Though there are plenty of other variables that can affect it including fuel (oxygenated/ethanol blends vs. non-oxygenated blends), driving habbits (mixture of city and highway, acceleration and overall speeds), tire pressures, even supposedly types of oil .

I've personally noted large mpg swings when moving from sea level to operation at altitude (from more dense to less dense air) as long as I accept that the vehicle will tend to have slower acceleration and don't try to better match the performance at lower altitudes by going further and longer into the throttle (I say better match because with less oxygen the motor cannot make as much power as it can with denser air so I CANNOT actually match performance at the top end of engine operation).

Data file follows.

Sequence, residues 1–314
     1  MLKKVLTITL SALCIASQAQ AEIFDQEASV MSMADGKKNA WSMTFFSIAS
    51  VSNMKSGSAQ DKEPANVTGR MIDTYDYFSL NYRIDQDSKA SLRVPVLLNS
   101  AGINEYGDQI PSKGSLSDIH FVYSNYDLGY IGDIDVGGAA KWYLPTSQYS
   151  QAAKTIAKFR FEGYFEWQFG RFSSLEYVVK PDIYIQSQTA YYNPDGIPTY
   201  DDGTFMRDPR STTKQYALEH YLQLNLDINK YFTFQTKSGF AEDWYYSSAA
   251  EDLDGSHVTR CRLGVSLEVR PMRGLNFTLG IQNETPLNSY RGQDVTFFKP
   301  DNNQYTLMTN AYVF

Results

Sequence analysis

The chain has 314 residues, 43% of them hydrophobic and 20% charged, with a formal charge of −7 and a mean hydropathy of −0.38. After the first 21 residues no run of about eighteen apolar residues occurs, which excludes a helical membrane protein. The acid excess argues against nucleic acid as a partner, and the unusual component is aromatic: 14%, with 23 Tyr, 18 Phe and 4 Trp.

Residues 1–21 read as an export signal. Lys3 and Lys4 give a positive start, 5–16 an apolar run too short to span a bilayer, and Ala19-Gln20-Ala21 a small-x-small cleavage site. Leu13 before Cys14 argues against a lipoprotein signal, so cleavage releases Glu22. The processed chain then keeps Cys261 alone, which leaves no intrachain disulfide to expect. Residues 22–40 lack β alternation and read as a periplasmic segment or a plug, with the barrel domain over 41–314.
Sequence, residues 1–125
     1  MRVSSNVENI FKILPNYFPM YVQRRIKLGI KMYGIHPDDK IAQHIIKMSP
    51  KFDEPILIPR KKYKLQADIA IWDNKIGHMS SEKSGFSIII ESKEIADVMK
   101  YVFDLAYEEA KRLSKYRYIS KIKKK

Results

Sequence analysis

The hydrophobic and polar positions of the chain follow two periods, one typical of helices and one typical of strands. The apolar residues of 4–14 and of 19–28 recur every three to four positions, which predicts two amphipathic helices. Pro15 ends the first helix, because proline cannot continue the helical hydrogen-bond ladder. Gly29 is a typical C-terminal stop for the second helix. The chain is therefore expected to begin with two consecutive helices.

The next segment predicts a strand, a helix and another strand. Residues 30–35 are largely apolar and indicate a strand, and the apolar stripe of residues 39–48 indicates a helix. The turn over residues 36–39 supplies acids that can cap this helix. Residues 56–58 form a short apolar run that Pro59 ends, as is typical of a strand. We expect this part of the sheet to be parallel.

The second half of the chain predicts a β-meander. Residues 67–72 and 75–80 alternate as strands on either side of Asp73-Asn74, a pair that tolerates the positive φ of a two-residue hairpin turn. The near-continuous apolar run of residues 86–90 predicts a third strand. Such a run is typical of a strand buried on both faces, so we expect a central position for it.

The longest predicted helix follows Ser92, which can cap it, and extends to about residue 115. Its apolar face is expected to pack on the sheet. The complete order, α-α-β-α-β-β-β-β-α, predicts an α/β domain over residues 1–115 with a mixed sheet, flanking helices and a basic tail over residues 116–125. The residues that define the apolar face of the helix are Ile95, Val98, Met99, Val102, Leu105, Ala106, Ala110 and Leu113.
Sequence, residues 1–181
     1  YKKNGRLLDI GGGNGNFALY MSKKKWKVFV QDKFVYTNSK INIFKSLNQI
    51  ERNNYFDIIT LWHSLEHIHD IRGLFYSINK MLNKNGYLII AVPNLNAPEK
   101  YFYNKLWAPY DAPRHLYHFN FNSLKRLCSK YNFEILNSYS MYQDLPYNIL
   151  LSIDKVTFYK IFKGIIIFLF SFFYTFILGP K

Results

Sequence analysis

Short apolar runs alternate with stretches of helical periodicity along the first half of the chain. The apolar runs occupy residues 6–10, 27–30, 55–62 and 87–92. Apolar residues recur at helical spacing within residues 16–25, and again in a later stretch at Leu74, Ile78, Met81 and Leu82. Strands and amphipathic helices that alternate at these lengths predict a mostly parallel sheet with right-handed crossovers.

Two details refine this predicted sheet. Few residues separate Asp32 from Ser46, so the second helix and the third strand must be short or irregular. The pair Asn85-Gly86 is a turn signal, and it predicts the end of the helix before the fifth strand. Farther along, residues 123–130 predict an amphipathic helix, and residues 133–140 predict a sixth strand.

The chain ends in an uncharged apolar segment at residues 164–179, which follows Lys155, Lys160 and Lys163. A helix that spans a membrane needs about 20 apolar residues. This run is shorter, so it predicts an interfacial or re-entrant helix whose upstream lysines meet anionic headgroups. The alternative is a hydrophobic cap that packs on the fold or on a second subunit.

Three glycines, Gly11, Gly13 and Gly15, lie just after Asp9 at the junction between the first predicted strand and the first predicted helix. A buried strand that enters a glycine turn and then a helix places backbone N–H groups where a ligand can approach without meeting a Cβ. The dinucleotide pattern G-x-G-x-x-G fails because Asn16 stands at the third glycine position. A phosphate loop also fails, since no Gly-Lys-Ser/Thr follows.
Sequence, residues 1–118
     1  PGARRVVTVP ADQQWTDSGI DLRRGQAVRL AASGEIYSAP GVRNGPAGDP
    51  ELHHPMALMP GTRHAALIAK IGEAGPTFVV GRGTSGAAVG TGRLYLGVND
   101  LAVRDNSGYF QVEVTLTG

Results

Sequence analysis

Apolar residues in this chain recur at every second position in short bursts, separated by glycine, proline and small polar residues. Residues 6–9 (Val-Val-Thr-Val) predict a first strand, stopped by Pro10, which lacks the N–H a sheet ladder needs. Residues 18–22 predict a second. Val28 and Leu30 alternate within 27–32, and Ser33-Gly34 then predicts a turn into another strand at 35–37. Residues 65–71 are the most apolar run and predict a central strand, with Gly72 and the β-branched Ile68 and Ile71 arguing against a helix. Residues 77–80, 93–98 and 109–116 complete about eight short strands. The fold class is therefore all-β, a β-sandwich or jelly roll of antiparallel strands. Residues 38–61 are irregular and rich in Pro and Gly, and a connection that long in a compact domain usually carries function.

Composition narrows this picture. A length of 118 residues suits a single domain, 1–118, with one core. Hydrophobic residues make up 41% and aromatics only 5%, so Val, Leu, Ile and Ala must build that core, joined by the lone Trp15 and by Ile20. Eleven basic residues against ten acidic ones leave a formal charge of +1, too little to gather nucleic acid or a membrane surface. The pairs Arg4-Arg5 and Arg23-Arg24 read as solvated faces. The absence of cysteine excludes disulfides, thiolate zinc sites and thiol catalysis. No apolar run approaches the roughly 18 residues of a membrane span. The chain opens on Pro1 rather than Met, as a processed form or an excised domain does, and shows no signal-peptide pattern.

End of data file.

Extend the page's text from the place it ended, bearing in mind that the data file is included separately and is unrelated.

Oxygenated/ethanol-blend fuels also contain fewer hydrocarbons per gallon and will normally yield slightly lower mileage as well, so that's probably a contributing factor too.

As for wether or not your Compass is running "too rich" it is not. If it were the 02 sensors would tell the ECM and the ECM would illuminate the check engine light.

Kev
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Unread 12-03-2006, 08:29 AM   #36
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Thanks Kev, that explains a bunch My "play time" deals with carbureted engines and not injection and computers, but something like that is what I thought. Thanks for explaining it so well!

Since most of my posts sound like peaches and cream I felt that I should bring this out for everyone to see. The only other concern that I've had so far is that my drivers side rear window has always seemed slower going up than the others and the other day it actually got stuck (not frozen over, it was 50 degrees). That's for the dealer to fix for sure.